Asia Prelates Give OK to Genetically Modified Rice

Note More Openness in Ecclesial Circles

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MANILA, Philippines, NOV. 19, 2009 ( Filipino bishops are expressing support for genetically modified organisms, as long as the new strains do not pose a threat to the environment.

The episcopal conference’s bioethics office said it is behind efforts to develop new rice strains to help feed more than 1 billion malnourished Africans and Asians.

Archbishop Leonardo Legaspi of Caceres told UCA News that the bishops were initially wary of genetically modified organisms, but he noted “a gradual evolution” toward acceptance.

“Church opposition [to GMOs] is no longer as strong” after a seminar held in May by the Pontifical Academy for Sciences, the bishop told the agency.

Another symposium on genetically modified rice is concluding today in Manila.

The director-general of the International Rice Research Institute, Robert Zeigler, said at the beginning of the conference that efforts are under way to produce 50 million tons of rice by 2015, without changing land cultivation.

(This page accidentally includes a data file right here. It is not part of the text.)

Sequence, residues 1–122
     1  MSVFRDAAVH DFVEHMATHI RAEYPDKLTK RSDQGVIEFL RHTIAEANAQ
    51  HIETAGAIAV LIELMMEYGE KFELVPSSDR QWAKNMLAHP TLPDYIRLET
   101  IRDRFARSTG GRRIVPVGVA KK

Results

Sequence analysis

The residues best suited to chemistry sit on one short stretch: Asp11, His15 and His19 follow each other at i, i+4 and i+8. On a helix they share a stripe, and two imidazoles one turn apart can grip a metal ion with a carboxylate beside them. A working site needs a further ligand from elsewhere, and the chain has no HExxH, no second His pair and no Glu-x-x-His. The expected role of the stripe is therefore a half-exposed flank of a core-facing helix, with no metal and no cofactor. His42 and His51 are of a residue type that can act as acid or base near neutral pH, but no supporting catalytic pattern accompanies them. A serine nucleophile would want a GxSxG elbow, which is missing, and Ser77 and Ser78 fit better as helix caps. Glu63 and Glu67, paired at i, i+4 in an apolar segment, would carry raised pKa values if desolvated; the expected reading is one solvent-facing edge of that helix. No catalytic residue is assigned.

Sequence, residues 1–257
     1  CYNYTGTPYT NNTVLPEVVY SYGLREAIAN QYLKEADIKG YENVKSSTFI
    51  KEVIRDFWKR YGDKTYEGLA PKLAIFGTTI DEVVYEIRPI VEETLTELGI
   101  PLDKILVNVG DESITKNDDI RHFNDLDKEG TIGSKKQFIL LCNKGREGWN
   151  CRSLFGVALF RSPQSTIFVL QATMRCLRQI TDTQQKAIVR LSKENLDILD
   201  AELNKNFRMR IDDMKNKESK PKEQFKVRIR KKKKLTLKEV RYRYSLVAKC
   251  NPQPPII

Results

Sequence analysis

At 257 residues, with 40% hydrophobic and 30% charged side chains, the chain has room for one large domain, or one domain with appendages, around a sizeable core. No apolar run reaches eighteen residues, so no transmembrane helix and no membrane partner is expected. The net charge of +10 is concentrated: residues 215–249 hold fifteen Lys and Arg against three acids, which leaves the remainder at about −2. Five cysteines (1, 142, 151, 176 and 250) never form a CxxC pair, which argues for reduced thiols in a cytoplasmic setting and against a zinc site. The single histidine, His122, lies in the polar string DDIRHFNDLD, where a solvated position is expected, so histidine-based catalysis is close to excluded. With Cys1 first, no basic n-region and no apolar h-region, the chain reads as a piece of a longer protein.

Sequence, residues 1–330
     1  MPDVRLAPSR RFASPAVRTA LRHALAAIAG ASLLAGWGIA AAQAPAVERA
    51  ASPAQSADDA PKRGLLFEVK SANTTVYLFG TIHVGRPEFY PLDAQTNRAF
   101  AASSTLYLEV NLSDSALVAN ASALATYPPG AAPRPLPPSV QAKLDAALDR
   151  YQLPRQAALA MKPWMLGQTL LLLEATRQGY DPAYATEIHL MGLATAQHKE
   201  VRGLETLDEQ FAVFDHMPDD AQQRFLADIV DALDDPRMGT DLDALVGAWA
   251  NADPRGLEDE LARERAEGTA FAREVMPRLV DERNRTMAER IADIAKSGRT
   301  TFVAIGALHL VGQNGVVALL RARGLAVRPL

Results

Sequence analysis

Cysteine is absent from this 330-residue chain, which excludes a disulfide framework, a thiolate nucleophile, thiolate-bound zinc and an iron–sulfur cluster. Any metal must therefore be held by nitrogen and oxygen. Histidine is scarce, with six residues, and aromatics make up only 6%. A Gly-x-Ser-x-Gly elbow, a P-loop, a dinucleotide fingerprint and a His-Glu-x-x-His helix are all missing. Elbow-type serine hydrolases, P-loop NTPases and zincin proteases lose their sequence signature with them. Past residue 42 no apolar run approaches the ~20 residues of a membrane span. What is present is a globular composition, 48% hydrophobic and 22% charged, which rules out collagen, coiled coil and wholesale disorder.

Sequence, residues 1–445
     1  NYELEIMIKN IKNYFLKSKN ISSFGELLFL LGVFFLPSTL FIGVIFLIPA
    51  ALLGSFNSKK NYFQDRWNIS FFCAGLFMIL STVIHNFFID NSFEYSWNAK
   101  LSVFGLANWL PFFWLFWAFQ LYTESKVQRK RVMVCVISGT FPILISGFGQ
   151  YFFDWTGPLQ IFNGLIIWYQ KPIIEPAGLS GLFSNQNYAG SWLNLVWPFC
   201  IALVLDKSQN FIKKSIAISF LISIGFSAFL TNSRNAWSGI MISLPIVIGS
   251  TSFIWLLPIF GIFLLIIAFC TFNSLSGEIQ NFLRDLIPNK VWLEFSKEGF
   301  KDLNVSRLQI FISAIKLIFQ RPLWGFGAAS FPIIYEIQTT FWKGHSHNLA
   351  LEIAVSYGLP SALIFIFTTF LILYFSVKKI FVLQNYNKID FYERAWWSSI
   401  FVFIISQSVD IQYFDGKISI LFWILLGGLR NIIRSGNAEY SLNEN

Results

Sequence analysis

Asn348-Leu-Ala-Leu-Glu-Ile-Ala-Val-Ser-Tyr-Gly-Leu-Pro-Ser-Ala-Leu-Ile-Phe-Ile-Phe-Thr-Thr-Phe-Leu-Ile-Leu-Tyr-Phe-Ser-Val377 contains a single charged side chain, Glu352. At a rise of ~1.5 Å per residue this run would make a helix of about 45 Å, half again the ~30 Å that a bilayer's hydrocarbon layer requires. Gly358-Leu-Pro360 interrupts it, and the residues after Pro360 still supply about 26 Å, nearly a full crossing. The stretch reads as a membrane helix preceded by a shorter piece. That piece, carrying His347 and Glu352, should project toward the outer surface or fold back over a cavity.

“As rice yields increase, the incidence of poverty decreases,” he said.

“The Catholic bishops’ conference has never opposed IRRI programs because they are not considered harmful to the environment,” Bishop José Rojas of Libmanan, another bioethics office member, told UCA News.

The U.N. Food and Agriculture Organization also gave its thumbs up to further research on GMOs at the World Food Summit meeting just concluded in Rome.

“We recognize that increasing agricultural productivity is the main means to meet the increasing demand for food given the constraints on expanding land and water used for food production,” a declaration from the summit said. “We will seek to mobilize the resources needed to increase productivity, including the review, approval and adoption of biotechnology and other new technologies and innovations that are safe, effective and environmentally sustainable.”

As research on genetically modified organisms continues, there is still debate on whether they will offer long-term benefits, particularly for the poor and small-scale famers in developing nations.

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